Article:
Empty Nest: Lovely & Lonely

She romanticized the fabulous life when her kids left home. Now that they’re gone, this mom is trying on a new existence — simultaneously banal and brimming with new possibility.

By Sara Peyton

A New You
Up front you need to know my husband and I worked, shared household chores, and coparented our two sons. When the kids were young, I griped about a lot of things: incomprehensible soccer practice schedules, planet-sized pileups of shoes and dirty socks, the end of privacy. My favorite bedtime fantasy didn’t turn on a lusty encounter with a hunky stranger. Instead I imagined running off to some faraway town where nobody knew my name or demanded anything from me. I want you to know this because what I’m about to reveal may surprise you.
Nothing has been more difficult for me than figuring out how to live contentedly once my kids left home.
Just today I lugged my computer from my shoe-box-sized office in the garage to my sons’ spacious old bedroom. For nearly 20 years, the sunlit space belonged to them. But six years ago, the eldest, Leason, left for college; his brother, TJ, followed three years later. I’ve finally understood they’re never moving back home. Not that I want them to.
Still, poking around their old room made me feel like an intruder. From the back of the closet I hauled out a large woven basket packed with my sons’ dog-eared stuffed animals. On top sat a scruffy raccoon. At age 2, Leason tenderly carried a pocket-sized raccoon from our home in California to grandmother’s house in Maine to see the snow. He lost it — maybe in the snow — and wailed. But I convinced him that his stuffed pal simply grabbed an earlier flight home. Then I hastily phoned my husband in California and told him where to buy another one, the raccoon I now held.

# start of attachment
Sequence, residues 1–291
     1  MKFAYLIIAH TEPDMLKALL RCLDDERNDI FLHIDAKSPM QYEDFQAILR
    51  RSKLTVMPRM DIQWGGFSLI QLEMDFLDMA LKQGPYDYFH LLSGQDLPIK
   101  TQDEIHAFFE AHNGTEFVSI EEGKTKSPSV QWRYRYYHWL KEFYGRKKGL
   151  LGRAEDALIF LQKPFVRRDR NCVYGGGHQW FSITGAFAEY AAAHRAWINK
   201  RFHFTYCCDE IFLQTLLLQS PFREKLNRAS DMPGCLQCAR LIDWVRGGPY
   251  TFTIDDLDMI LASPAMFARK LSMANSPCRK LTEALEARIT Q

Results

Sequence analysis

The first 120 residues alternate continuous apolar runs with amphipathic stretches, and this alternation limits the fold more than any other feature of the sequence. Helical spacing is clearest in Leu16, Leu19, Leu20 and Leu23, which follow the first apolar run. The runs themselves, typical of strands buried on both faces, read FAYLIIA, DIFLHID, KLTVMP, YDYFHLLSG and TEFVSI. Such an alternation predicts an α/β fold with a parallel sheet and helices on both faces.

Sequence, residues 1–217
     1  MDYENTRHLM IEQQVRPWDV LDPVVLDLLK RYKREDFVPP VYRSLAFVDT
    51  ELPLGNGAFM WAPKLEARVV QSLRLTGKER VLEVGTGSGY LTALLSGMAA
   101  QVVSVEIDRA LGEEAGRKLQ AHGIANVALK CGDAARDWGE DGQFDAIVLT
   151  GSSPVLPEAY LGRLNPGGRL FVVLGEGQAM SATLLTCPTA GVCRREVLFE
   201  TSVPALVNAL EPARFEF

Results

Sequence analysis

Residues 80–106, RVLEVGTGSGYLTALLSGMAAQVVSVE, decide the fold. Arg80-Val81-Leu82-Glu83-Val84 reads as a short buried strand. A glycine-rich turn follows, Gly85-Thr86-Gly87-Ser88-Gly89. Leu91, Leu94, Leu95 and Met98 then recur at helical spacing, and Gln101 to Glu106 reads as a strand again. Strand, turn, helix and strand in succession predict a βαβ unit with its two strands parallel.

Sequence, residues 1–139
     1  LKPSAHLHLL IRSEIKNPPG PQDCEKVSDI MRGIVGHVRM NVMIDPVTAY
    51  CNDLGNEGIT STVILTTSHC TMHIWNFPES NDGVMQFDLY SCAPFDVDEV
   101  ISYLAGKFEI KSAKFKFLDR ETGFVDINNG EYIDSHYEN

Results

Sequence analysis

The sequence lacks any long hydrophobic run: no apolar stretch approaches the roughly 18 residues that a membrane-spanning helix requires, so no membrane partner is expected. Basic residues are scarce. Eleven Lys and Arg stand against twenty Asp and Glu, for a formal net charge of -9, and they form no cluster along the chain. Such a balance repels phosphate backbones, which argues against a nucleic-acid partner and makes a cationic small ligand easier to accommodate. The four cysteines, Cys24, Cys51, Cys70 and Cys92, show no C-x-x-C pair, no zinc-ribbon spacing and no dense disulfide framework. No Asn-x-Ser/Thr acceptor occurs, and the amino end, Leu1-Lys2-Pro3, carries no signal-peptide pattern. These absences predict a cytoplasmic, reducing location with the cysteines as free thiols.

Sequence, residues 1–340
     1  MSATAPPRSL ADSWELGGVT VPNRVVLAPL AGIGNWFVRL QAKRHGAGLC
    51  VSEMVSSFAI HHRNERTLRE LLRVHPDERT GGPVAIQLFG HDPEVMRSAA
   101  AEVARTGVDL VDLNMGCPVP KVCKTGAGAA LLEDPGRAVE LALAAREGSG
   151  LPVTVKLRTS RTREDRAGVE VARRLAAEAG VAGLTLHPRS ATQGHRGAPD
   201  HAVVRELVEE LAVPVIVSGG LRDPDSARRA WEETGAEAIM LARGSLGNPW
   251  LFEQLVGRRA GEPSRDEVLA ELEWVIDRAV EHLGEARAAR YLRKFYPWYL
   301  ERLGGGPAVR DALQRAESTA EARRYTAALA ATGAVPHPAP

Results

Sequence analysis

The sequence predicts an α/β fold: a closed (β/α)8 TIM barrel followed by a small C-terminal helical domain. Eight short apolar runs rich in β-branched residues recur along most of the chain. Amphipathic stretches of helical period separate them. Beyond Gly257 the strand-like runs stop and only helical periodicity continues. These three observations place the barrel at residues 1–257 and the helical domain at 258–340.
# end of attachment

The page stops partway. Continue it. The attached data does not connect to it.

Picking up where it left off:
I look back: One minute, it seems, I’m as clever as Mary Poppins, happily clutching a wriggly boy, his eyes glittering at the sight of his favorite toy. And the next, I’m on tiptoe, blinking back tears, reaching for one last hug before my tall, sinewy son heads to the airport to catch a plane that will take him 2,000 miles away.
I anticipated that menopause would be my quintessential midlife challenge, given all the hoopla devoted to the subject. But for me, and I suspect for many, achieving that inevitable milestone was relatively trouble-free. First symptom: hot flashes. Then my short-term memory took a hike. So I read a half dozen or so books on the subject. And over mugs of steaming lattes my friends and I yakked endlessly about our actual and imagined symptoms. I decided not to take hormones and got my bones scanned. They were fine. And I was fine. Because, honestly, what’s to miss about monthly periods and the fear of an unwanted pregnancy?
What I really miss, when there are no kids around, is the delicious feeling that my day-to-day decisions large and small — how I spent my time, what I cooked for supper, why I made money, and why it was never enough — confirmed my place in the world and made me feel I was on the right path. On days when I felt angry or depressed, the bonds to my kids reassuringly tethered me to my husband, my home, my community, my work, the very ground I walked on, and even the vegetables I grew in my garden.

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